Shamrock, who was still in the WWF at the time, was furious after the event. UFC matchmaker Joe Silva said: "SEG knew this was bad. Ken was really freaking out. Tables were getting flipped, who knows what was going to happen. So they have to usher Tito back to a room and get him away from the Lion's Den. It was craziness, everybody was just looking at each other and saying, 'Did I see that right? Did that shirt really say what I thought that it said?' Everybody's freaking out about it...there was such a buzz about it, everybody was running around everywhere."[43] Silva added, "When I think back and remember all the cool things, all the exciting and crazy things in the UFC, that night is definitely burned into my memory."[43]

Ortiz's manager, Sal Garcia, added: "one of the other fighters comes in at that point and says, 'hey, Ken Shamrock and the Lion's Den, they want to come over and kick Tito and Sal's ass'."[43] The tension backstage was so great that some feared a brawl between the Lion's Den and Tito Ortiz, Kevin Randleman, Mark Coleman and others from the Hammer House (who were in Ortiz's locker room after the event). The situation was escalated to the point that police and security had to be called in to monitor the situation. Jeff Sherwood, creator of Sherdog, wrote after the event: "Someone needs to remind Ken Shamrock that it wasn't Monday Night Raw out there. Not saying he wouldn't tear Tito up though."[44]

Sherwood was not alone in his opinion that Shamrock would have been too much for Ortiz to deal with at the time. Shamrock had a reputation of thoroughly and brutally dominating everybody in training at the Lion's Den, including top UFC fighters Guy Mezger and Jerry Bohlander, and Shamrock, at north of 240 lb (110 kg; 17 st), was considerably larger than Ortiz and would be a full weight class above him. Ortiz also expressed reluctance in confronting Shamrock, saying shortly after UFC 19:

Many fans were upset that this fight probably would never happen due to the weight difference. However, over time, Shamrock began to lose size and by the time he fought Don Frye three years later in 2002, Shamrock was down to around 220 lbs, making it possible to cut weight to 205.

On November 22, 2002, at UFC 40, nearly four years after the confrontation at UFC 19, Shamrock returned to the UFC for the first time since December 1996 to fight Ortiz in a title match for the UFC Light Heavyweight Championship in one of the biggest, most anticipated and most important fights in UFC history. At nearly 39 years old, Shamrock's skills had diminished significantly due to injuries and aging but he was still considered to be a very dangerous and strong opponent. Although it was understood that Shamrock was past his prime, many people gave Shamrock a good chance to win based on his size (Ortiz had not fought someone as big as Shamrock to that point in his career), punching power and submission skills. Shamrock's apparent size advantage did not factor into the fight, however; Shamrock experienced difficulty cutting weight for the first time and cut too much weight, weighing in at 201 lbs, 4 lbs under the 205 lb. limit. Ortiz shed light upon his feelings before the fight in his book This is Gonna Hurt: The Life of a Mixed Martial Arts Champion; "Ken Shamrock is a real good fighter. I was not intimidated by him, but I guess you can say I was a little bit afraid."[45]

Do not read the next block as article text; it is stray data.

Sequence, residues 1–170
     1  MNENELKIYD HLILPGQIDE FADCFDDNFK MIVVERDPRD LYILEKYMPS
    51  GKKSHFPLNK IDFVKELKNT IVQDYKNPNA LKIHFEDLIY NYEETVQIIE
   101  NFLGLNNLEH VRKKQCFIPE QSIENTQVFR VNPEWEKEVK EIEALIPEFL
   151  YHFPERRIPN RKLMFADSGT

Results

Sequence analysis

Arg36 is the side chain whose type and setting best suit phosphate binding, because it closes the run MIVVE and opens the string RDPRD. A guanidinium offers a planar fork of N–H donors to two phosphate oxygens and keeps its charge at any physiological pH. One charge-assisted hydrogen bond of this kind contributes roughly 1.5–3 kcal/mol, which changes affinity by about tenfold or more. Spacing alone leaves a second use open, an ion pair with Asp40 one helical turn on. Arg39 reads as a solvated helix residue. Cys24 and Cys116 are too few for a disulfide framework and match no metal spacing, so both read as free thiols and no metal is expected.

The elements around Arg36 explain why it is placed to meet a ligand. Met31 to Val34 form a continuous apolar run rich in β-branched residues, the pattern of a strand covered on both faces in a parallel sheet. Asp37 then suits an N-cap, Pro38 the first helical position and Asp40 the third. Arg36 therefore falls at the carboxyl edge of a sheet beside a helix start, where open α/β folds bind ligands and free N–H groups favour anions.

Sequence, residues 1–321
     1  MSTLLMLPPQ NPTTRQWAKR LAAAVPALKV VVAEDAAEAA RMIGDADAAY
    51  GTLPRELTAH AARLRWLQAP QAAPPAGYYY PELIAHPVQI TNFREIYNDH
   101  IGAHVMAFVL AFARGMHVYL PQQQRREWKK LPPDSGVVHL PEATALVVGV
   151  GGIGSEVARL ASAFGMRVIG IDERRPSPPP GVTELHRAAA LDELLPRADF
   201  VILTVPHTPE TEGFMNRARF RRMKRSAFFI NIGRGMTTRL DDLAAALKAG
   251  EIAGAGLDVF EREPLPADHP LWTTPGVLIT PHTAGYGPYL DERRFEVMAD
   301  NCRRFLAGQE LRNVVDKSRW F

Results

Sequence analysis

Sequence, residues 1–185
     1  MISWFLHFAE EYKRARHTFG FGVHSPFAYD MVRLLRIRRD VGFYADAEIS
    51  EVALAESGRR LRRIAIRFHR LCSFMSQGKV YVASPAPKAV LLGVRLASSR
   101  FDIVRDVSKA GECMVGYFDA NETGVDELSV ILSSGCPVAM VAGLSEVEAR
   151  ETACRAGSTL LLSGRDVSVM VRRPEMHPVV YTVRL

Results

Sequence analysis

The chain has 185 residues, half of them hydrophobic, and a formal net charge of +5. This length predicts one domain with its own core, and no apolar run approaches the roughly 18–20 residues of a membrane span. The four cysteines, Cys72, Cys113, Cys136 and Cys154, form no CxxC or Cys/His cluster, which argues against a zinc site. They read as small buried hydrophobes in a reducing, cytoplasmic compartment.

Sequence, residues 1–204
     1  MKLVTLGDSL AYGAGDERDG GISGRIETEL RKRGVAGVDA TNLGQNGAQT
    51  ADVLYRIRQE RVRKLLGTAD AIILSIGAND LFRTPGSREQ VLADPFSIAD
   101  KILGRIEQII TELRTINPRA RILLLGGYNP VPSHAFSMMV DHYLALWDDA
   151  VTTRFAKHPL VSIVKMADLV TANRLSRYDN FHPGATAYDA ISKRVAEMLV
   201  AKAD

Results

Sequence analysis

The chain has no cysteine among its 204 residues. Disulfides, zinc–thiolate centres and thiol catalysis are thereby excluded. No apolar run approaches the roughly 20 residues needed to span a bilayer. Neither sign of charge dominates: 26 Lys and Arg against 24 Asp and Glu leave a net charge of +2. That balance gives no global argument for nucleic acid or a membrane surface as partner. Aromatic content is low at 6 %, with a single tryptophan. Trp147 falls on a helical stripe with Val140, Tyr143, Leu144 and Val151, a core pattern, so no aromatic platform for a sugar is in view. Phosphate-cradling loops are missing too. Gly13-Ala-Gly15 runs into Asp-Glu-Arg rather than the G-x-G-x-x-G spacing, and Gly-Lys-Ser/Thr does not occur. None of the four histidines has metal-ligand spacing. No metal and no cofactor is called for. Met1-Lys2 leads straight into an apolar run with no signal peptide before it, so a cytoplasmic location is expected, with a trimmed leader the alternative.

Color commentator Joe Rogan called the fight a "dream match" and "the most incredible night in mixed martial arts history" at the start of the show and admitted that he had no idea who was going to win the fight. The hype and buzz surrounding the MGM Grand Garden Arena for the event was unlike anything mixed martial arts had ever seen before. The event was also monumental for the future of the UFC and the sport as a whole in America for a variety of reasons. UFC 40 sold out the MGM Grand Arena and sold 150,000 pay per view buys, a rate over three times larger than the previous Zuffa events. It also garnered mainstream attention from massive media outlets such as ESPN and USA Today, something that was unfathomable for mixed martial arts at that point in time.[46] Many have suggested that the success of UFC 40 and the anticipation for Ken Shamrock vs. Tito Ortiz saved the UFC from bankruptcy; the buyrates of the previous Zuffa shows averaged a mere 45,000 buys per event and the company was suffering deep monetary losses.[46] The commercial success of UFC 40 provided a glimmer of hope for the UFC and kept alive the dream that mixed martial arts could become big.[47] UFC President Dana White credited Shamrock for the show's success. White said, "the reason we did so well on UFC 40 was because of Ken Shamrock and the fact that everyone knew who he was."[48] Long time UFC referee "Big" John McCarthy said that he felt UFC 40 was the turning point in whether or not the sport of MMA would survive in America.